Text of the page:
LFR Perspectives: Of Anxiety And Class

LFR will go down in MMO history as the topic of conversation this month, and probably for many months to come. Blizzard have done something audacious and arguably crazy here – build a system which matchmakes 25 total strangers in an environment known to be socially hostile to attempt to cooperate at a task. It’s fascinating, it’s sometimes very fun, and it’s often a trainwreck.

Today, we’ve got two perspectives from the “trainwreck” side of things.

Firstly, The Reluctant Raider talks about something that has been concerning several of my guildmates too – the creeping likelihood that LFR will gradually become a mandatory part of guild play, and just what we can do about that

“When I started to hear rumors of the upcoming LFR system, I thought that this was a great idea for the people who work weird schedules or have kids to take care of or just don’t have a guild to run with. However, now that it’s out, I’m seeing more and more of my guildies say “Don’t forget to run LFR this week and get some upgrades!”

Honestly, this has my heart in a vice grip. The idea of going into a group where I know (at the most) 4 or 5 people makes me want to scream and then cry. I have said “I don’t want to go, thank you” but now I’m sitting on the side lines watching my best friends and my husband get their “Fall of Deathwing” and it’s killing me. In our raid group, the only person who doesn’t have “Fall of Deathwing” is me.

Am I bringing my raid group down because I can’t LFR? If I want to progress, do I need to have a panic attack over a video game? I don’t know. “

There are echoes of the Valor Point Capping debate of earlier in the year here, and indeed a meta-debate that has been going on for years now. At what point does our involvement in a social game force us to do something that may be unpleasant or even actively harmful for us? And how can we avoid or mitigate those problems?

Meanwhile, on a lighter note, Aldous the Boozekin raised one gin-soaked wing for a hilarious account of how he internally translates the activity and dialogue of a standard Looking for Raid run – which rather illustrates the Reluctant Raider’s point

“This next gentleman is far too friendly. What a jolly old chap! Not only will he only be harming you once every thirty seconds, but we’re also going to be providing you with a unique ability that will allow you to completely avoid the damage that he attempts to inflict upon you. It’s almost as if this gentleman wants us to defeat him! Far too simple, I say, far too simple.

Well that first attack didn’t go very well. My friends, please remember to activate your special abilities, lest you wish death upon yourselves…

ok LOL seriously? click button it’s not hard.

ugh okay it’s just not worth the heals. HEALERS PLS DON’T HEAL DPS THAT FAILS AT BUTTON

come on guys almost got it gogogogogogogog

uuuuuuuuungh well of course we hit enrage, not enough dps in this group. L2 NOT FAIL NUBS

What’s in LFR’s future? Amusement, nice feature, or horrible trial by fire?

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Do you feel rolling “need” is greedy?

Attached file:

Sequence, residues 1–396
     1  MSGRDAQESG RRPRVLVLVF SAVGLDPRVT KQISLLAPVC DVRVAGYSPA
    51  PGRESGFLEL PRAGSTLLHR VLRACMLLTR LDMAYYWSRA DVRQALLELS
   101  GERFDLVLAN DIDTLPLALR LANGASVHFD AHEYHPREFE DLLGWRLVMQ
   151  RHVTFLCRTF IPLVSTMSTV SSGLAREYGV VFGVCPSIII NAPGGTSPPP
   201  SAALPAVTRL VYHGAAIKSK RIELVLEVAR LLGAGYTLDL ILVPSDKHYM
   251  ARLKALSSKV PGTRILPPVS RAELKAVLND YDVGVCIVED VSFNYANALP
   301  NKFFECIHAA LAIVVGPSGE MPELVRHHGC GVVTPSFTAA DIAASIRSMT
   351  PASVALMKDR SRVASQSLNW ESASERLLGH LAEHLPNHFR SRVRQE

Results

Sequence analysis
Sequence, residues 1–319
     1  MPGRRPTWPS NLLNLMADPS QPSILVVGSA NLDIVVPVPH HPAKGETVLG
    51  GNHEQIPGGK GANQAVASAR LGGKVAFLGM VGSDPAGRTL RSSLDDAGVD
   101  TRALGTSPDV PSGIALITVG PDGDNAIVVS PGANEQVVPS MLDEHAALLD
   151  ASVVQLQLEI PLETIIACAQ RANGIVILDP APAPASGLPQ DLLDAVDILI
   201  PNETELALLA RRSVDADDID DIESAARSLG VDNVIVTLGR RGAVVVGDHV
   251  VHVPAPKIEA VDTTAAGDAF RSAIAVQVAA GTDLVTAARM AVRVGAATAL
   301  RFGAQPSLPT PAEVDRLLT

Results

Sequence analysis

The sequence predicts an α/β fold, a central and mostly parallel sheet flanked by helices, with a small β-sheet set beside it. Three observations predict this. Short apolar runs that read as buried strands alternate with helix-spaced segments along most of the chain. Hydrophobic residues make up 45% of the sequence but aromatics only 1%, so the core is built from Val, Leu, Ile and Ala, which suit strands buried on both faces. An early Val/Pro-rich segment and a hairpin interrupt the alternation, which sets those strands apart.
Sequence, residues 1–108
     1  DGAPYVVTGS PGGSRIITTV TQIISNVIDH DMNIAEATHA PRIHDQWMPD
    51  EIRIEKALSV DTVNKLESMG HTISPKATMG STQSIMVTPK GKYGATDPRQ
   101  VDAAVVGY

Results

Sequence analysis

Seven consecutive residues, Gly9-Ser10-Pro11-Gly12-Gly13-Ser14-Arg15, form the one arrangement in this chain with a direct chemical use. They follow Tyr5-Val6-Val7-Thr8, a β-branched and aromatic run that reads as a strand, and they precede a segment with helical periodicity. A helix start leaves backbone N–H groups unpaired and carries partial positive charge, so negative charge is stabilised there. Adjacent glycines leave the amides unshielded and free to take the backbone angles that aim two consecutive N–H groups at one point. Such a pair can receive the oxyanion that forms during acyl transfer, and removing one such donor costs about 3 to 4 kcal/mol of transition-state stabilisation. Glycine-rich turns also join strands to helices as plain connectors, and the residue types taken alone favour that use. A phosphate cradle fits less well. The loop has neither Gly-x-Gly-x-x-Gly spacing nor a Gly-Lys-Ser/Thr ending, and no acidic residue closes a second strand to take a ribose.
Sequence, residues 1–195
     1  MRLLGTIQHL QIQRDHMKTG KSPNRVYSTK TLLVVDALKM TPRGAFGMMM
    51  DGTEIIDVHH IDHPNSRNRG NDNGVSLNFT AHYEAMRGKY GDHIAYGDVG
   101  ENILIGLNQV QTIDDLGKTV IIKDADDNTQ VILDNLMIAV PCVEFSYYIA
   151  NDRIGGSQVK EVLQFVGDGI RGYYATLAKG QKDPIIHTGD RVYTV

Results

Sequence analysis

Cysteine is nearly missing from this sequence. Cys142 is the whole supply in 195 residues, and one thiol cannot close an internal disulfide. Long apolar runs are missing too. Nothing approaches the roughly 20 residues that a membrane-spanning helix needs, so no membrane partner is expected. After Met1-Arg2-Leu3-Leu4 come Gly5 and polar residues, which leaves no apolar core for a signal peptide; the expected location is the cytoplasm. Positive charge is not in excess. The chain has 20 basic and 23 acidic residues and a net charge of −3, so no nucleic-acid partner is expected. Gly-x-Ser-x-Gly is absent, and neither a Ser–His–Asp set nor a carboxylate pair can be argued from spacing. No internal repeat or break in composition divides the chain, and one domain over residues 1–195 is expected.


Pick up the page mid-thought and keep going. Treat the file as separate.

We’ve all felt anxious about rolling “need” at some point, I’m sure. Maybe we weren’t certain it was an upgrade, maybe we knew one of our guildies wanted the item too.

But for some players, I’ve noticed, rolling “need” is a much bigger thing.

Terishelly at Bravetank has a – yes – very brave post up today, talking about her experiences with anxiety and the “need” button. It’s a fascinating read, dealing with an aspect of the game that I suspect many more people suffer from than we might realise – the anxiety of, even in a computer game, risking seeming selfish in a social setting :

“My worst fear though was accidentally rolling need myself. I was terrified of that. I did not know what I would do if I did it. I knew I could just apologise & offer to roll again. But I also feared I would not get a chance to explain myself. I would be the object of hatred and vitriol from the moment I clicked the button and my guilt ridden typos as I tried to apologise would not help (“I am so sorry” would inevitably come out like “It’s mine all mine!” combined with cackling laugh. Bloody typos).

So my first few dungeons I was petrified. My OCD reached new heights as I found myself checking & doublechecking before clicking. Sometimes I used to wish no loot would come up at all so I could relax (even thought I was running dungeons for better gear …). The mantra I recited was “It is ok to need if it’s an upgrade”. But that didnt’t help. How did I know if something was an upgrade? It took me ages to find out you could hit the shift button over the item to compare it to what you were already wearing. I used to think people had memorised all their stats (some probably do) and knew in an instant what was an upgrade or not. I used to hate myself for not knowing this. I cursed my short attention span. Sometimes I forgot what character I was playing and made dire mistakes (no one respected my mage who thought she was a healer). If I could do that I could never remember what particular level chestpiece I needed.”

I’ve known people in the past who have been very reluctant to roll “Need” on items, sometimes even to the point of absurdity. I had a fair idea of some of the reasons behind it, but this post really lays it out in a vivid way – the fear of appearing as you’re not, the drilled-in message (particularly for women) that it’s not OK to want for yourself.

It’s a fascinating and thought-provoking read – well worth a look.

Do you feel fear when you reach for the Need button?

Quote taken directly from Terishelly’s post

Find Bravetank’s homepage at http://bravetank.wordpress.com/ .

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